Sand Creek Massacre: John Evans's Descendants Discuss a Dark Legacy
Descendants of those who survived the Sand Creek Massacre did not hear much about it when they were growing up; that day was too painful for their elders to talk about. "They would always cry," one remembers. But some descendants of John Evans, Colorado's territorial governor during the November 29, 1864, massacre, didn't hear about it at all.
Lucy Schiller was a high-school senior in Illinois when she decided to write a paper for her senior history seminar on her great-great-great-grandfather, John Evans, whose name was still revered in the state where she lived. A physician who'd become active in the Methodist Church, Evans had helped start what became DePauw University in Greencastle, Indiana, in 1837, before moving on to Chicago. There he invested in real estate and became a founder of Northwestern University; the town of Evanston, where the school was built, is named after him. A dozen years and many investments later (some successful, some spectacular failures), Evans was named territorial governor of Colorado in 1862 and moved to Denver, which was then barely three years old. Still active with the Methodist church, he co-founded the Colorado Seminary in 1864 (it would later morph into the University of Denver) and helped save the fledgling frontier town when the railroads snubbed it in favor of a route through Cheyenne; Evans and other local boosters formed a railroad company that linked Denver to the national network.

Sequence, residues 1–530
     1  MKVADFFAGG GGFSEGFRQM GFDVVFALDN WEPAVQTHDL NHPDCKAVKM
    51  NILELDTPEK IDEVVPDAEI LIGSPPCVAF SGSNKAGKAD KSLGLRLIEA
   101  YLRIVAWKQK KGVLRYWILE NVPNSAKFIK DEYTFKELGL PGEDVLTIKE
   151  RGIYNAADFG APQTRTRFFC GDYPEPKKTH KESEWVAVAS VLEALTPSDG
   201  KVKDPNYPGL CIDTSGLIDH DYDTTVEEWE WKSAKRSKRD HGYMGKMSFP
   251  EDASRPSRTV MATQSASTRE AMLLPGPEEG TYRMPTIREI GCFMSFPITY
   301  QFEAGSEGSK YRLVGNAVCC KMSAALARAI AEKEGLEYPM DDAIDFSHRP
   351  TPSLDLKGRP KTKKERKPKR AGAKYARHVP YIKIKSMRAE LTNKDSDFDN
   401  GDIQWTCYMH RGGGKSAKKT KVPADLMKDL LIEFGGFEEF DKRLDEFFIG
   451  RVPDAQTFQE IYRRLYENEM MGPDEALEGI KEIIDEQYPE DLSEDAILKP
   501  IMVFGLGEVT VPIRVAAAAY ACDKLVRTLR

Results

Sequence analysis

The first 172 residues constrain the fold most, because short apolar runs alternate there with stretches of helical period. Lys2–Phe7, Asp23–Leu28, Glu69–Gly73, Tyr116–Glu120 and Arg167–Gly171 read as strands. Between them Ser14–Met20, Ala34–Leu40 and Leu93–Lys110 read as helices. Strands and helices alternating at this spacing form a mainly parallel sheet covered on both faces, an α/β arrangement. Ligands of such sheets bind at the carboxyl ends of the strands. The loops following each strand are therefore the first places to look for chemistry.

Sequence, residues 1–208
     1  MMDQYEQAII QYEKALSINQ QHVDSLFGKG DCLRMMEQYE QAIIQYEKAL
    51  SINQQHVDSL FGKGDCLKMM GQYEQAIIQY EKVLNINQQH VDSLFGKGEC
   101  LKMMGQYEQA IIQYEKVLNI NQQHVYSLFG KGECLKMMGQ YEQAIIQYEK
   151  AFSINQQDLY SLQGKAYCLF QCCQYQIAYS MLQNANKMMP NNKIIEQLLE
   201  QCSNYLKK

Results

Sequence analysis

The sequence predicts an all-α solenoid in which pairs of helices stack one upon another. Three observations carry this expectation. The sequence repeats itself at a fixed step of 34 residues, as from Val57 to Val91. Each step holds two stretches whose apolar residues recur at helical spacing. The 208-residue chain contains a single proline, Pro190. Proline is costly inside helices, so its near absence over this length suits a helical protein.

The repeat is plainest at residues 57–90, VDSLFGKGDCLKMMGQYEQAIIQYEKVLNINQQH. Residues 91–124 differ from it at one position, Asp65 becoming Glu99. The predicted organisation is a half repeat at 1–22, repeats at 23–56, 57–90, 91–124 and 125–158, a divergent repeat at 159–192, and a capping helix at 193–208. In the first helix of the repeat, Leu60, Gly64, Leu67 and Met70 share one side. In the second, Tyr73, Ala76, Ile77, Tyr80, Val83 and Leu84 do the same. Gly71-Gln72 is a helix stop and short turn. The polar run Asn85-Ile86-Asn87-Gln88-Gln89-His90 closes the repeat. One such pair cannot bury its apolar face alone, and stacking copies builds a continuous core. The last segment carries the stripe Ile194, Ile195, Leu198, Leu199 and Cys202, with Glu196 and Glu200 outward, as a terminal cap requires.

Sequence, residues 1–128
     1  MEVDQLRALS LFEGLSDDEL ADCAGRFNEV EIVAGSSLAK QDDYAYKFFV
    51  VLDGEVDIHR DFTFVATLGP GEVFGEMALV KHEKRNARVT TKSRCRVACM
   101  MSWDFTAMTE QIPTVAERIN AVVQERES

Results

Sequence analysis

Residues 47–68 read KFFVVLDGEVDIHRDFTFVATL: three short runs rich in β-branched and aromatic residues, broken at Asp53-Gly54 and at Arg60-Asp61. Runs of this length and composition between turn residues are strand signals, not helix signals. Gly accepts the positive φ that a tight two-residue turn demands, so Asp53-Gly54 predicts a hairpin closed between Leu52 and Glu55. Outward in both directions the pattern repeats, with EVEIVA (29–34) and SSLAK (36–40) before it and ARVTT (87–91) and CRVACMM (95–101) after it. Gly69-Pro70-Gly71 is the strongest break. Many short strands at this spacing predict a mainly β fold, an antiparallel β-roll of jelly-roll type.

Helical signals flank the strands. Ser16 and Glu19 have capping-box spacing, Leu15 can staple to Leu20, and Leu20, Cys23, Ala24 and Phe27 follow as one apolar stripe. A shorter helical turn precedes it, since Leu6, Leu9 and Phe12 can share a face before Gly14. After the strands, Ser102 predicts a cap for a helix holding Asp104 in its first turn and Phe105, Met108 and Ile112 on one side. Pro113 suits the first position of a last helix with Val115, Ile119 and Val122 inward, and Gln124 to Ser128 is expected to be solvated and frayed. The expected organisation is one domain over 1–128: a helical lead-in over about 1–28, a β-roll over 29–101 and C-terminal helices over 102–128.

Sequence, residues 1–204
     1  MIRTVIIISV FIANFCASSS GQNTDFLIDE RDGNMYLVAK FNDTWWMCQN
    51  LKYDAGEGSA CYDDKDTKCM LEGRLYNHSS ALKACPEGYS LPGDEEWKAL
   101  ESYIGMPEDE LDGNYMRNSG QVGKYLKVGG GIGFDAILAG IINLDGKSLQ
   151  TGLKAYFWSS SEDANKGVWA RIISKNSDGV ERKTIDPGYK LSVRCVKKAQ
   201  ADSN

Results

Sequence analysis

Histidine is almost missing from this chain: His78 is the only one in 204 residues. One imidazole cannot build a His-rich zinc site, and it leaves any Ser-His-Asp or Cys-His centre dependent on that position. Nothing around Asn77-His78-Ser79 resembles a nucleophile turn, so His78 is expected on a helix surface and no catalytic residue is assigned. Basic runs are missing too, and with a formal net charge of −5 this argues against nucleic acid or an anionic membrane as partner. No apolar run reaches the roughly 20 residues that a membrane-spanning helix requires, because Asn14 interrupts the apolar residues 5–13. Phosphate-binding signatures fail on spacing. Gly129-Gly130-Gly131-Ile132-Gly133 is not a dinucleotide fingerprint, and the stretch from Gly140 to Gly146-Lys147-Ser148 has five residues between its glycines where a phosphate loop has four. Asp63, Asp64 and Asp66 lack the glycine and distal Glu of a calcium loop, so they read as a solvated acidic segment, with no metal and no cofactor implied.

Schiller had no problem finding information on Evans, but it wasn't until she spoke with a cousin who lived in Colorado that she heard about the Sand Creek Massacre, when over 150 peaceful Cheyenne and Arapaho, most of them women, children and the elderly, were killed by troops led by Colonel John Chivington -- a fellow Methodist and a friend of Evans's. And even if Evans didn't order the killings, he created the climate that made them possible. "I was floored," she remembers. "This guy who had been so vaunted in our family had been involved in something horrific. I wound up devoting my year to uncovering his role in the Sand Creek Massacre."
This was back in 2005-'06, "and there was much less written about Sand Creek, much less online," she says. It wasn't in her Illinois history books -- although Sand Creek did rate two pages in the best-selling high-school textbook The Colorado Story, by Leroy and Anne Hafen, who called it "one of the most debatable subjects in Colorado history."
Schiller and her father went looking for the massacre site, and all they found was the granite monument that calls it a "battle field," which had been erected back in 1950. But perceptions hadn't changed that much fifty years later, she discovered: "I was grappling with the idea that people were still calling this a 'battle' in academic texts," Schiller recalls. This despite the fact that as early as 1865, the federal government had labeled it a massacre.
At Grinnell College, Schiller wrote a thesis that explored the "incongruous rhetoric" of Evans and Chivington, who were both vocal in their opposition to slavery but becoming increasingly vehement in their determination to exterminate Indians. "Nits make lice," Chivington reportedly told his soldiers.
And now, as a writer in New York City, Schiller is weighing her family's history again. "We all inherit this legacy," she says. "There's an interesting distinction between forgetting, willful ignorance and learned ignorance."